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Comparisons of Instantaneous TRMM Ground Validation and Satellite Rain-Rate Estimates at Different Spatial Scales

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  • 1 Science Systems and Applications, Inc., Lanham, and NASA Goddard Space Flight Center, Greenbelt, Maryland
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Abstract

This study provides a comprehensive intercomparison of instantaneous rain rates observed by the two rain sensors aboard the Tropical Rainfall Measuring Mission (TRMM) satellite with ground data from two regional sites established for long-term ground validation: Kwajalein Atoll and Melbourne, Florida. The satellite rain algorithms utilize remote observations of precipitation collected by the TRMM Microwave Imager (TMI) and the Precipitation Radar (PR) aboard the TRMM satellite. Three standard level II rain products are generated from operational applications of the TMI, PR, and combined (COM) rain algorithms using rain information collected from the TMI and the PR along the orbital track of the TRMM satellite. In the first part of the study, 0.5° × 0.5° instantaneous rain rates obtained from the TRMM 3G68 product were analyzed and compared to instantaneous Ground Validation (GV) program rain rates gridded at a scale of 0.5° × 0.5°. In the second part of the study, TMI, PR, COM, and GV rain rates were spatiotemporally matched and averaged at the scale of the TMI footprint (∼150 km2). This study covered a 6-yr period (1999–2004) and consisted of over 50 000 footprints for each GV site. In the first analysis, the results showed that all of the respective rain-rate estimates agree well, with some exceptions. The more salient differences were associated with heavy rain events in which one or more of the algorithms failed to properly retrieve these extreme events. Also, it appears that there is a preferred mode of precipitation for TMI rain rates at or near 2 mm h−1 over the ocean. This mode was noted over ocean areas of Kwajalein and Melbourne and has been observed in TRMM tropical–global ocean areas as well.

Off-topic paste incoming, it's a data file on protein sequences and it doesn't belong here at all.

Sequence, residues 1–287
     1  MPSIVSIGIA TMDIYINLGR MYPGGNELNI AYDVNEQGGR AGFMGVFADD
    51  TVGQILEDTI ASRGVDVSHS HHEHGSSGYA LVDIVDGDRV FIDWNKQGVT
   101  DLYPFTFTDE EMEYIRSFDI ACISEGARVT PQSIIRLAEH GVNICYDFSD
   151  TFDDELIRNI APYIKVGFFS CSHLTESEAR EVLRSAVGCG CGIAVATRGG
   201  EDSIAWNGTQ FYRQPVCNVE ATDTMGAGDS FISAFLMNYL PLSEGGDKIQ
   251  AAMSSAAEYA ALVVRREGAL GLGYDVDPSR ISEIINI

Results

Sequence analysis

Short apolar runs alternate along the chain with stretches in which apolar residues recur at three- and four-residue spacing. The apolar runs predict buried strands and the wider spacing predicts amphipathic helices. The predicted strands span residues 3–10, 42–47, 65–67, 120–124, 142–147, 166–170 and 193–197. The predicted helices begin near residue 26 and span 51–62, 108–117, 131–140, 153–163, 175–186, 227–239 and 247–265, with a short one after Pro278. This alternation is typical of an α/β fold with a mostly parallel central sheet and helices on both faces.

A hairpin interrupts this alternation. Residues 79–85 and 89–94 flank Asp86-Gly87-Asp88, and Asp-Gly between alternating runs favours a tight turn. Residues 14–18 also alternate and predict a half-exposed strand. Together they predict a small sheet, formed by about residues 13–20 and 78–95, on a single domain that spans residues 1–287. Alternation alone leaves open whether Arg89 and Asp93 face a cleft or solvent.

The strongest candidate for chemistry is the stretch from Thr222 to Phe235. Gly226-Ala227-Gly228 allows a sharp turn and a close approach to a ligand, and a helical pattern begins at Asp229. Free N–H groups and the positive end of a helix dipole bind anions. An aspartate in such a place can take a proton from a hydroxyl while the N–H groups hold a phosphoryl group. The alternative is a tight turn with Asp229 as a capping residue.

Corresponding author address: David B. Wolff, NASA/GSFC, Code 613.1, Greenbelt, MD 20771. Email: wolff@radar.gsfc.nasa.gov

Abstract

This study provides a comprehensive intercomparison of instantaneous rain rates observed by the two rain sensors aboard the Tropical Rainfall Measuring Mission (TRMM) satellite with ground data from two regional sites established for long-term ground validation: Kwajalein Atoll and Melbourne, Florida. The satellite rain algorithms utilize remote observations of precipitation collected by the TRMM Microwave Imager (TMI) and the Precipitation Radar (PR) aboard the TRMM satellite. Three standard level II rain products are generated from operational applications of the TMI, PR, and combined (COM) rain algorithms using rain information collected from the TMI and the PR along the orbital track of the TRMM satellite. In the first part of the study, 0.5° × 0.5° instantaneous rain rates obtained from the TRMM 3G68 product were analyzed and compared to instantaneous Ground Validation (GV) program rain rates gridded at a scale of 0.5° × 0.5°. In the second part of the study, TMI, PR, COM, and GV rain rates were spatiotemporally matched and averaged at the scale of the TMI footprint (∼150 km2). This study covered a 6-yr period (1999–2004) and consisted of over 50 000 footprints for each GV site. In the first analysis, the results showed that all of the respective rain-rate estimates agree well, with some exceptions. The more salient differences were associated with heavy rain events in which one or more of the algorithms failed to properly retrieve these extreme events. Also, it appears that there is a preferred mode of precipitation for TMI rain rates at or near 2 mm h−1 over the ocean. This mode was noted over ocean areas of Kwajalein and Melbourne and has been observed in TRMM tropical–global ocean areas as well.

Corresponding author address: David B. Wolff, NASA/GSFC, Code 613.1, Greenbelt, MD 20771. Email: wolff@radar.gsfc.nasa.gov

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